To follow up on the April 17 complaint, a group of people identified as the Election Protection Committee spoke with me about how the Montana Secretary of State’s Office advised that ballots should be mailed out by 5 pm on April 17 - which is 15 days prior to the election.

I arrived on the scene Monday, and no ballots were being loaded into the Cascade County transport vehicle. It wasn’t until approximately 5:52 pm that a paid employee of the office, Devereaux Biddick, and other personnel moved the van to the other side of the building near the Great Falls Public Library.

They then began loading the van with ballots while Pete Fontana and Jane Weber, two members of the Election Protection Committee, watched and recorded video to ensure ballots were being loaded.

I have no proof that the Secretary of State’s Office advised the EPC that ballots “should” be mailed by 5 pm. What I did confirm was that after I followed the van to the southwest side Post Office, it arrived, and the van left the premise after 7:30 pm.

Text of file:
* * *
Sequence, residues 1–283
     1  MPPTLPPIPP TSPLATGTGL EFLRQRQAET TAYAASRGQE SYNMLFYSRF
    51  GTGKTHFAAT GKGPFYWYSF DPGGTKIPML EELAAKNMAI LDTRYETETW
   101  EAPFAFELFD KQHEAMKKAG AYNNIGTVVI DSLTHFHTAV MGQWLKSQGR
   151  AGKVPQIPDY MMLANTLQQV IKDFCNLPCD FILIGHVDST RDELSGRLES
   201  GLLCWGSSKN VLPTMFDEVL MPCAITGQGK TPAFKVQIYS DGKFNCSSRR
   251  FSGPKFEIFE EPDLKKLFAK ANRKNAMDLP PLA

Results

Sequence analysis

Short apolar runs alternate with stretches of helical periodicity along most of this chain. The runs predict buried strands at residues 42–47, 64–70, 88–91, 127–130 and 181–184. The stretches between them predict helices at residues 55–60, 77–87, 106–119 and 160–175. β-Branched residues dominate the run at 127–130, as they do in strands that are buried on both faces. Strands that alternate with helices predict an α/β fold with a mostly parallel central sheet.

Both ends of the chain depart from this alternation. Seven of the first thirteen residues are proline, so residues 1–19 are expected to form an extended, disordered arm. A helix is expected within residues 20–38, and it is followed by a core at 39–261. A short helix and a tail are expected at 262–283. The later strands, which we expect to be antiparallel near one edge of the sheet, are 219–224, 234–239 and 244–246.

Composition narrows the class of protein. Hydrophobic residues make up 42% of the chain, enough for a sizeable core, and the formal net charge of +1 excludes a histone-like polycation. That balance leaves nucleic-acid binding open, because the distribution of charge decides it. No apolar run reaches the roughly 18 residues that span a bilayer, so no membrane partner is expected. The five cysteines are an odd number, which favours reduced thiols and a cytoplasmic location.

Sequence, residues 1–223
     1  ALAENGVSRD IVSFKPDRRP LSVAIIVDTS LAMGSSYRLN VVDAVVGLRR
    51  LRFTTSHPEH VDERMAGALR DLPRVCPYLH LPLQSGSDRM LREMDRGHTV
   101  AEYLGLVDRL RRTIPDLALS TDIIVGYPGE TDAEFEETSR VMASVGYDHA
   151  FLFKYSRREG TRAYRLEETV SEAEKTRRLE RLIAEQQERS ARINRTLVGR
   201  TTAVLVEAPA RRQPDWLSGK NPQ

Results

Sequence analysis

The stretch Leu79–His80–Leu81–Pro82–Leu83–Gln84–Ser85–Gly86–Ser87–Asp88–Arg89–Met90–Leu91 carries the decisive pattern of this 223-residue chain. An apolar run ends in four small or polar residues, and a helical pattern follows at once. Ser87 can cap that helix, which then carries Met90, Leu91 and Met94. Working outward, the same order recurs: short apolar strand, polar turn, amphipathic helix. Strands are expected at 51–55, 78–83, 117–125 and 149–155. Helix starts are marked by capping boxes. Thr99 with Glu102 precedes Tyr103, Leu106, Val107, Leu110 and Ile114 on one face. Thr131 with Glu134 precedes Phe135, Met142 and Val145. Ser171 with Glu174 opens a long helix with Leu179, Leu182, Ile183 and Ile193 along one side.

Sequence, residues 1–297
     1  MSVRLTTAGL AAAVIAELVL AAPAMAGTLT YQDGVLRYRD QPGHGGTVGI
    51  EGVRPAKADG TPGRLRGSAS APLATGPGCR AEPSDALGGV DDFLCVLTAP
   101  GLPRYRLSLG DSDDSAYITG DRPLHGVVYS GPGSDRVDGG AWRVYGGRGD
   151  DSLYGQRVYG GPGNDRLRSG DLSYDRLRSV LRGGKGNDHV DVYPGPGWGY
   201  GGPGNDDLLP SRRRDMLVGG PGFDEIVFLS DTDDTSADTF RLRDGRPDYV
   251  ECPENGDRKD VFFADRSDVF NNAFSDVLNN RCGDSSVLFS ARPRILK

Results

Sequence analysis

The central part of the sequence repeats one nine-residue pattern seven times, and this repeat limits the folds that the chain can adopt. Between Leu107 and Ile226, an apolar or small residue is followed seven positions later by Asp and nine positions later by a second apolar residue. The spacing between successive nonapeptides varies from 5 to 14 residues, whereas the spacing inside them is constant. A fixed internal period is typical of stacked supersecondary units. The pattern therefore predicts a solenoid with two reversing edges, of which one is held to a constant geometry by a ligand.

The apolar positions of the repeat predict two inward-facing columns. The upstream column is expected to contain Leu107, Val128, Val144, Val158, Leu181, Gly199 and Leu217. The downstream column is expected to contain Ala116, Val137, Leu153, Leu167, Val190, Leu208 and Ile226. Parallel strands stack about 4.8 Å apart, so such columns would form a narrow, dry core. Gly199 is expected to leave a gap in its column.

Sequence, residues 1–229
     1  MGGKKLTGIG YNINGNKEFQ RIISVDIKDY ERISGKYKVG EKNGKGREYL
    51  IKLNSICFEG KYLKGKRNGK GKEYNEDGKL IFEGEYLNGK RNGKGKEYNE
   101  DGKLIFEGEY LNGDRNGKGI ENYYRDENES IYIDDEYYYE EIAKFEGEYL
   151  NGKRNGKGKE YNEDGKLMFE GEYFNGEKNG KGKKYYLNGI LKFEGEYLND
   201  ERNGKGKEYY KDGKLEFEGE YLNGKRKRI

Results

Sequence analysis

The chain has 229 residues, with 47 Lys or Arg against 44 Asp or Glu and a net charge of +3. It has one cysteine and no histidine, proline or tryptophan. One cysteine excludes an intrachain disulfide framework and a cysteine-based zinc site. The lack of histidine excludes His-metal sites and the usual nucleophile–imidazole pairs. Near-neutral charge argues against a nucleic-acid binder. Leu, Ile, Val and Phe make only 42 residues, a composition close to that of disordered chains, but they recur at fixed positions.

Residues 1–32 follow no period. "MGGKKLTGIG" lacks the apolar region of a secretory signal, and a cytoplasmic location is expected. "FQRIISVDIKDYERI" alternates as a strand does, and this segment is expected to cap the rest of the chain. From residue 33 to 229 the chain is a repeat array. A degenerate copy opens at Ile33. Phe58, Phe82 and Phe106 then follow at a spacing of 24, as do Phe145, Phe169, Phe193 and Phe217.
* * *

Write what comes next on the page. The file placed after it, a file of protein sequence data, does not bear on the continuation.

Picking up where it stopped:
The Election Protection Committee also claims that the people helping stuff ballots on April 17 were “volunteers” – I have no proof of those allegations.

'Election Protection Committee' concerned about Cascade County elections
'Election Protection Committee' concerned about Cascade County elections

When I followed up the next day, I asked Merchant if those staff members were properly vetted. She assured me that she followed the protocol and proper procedures.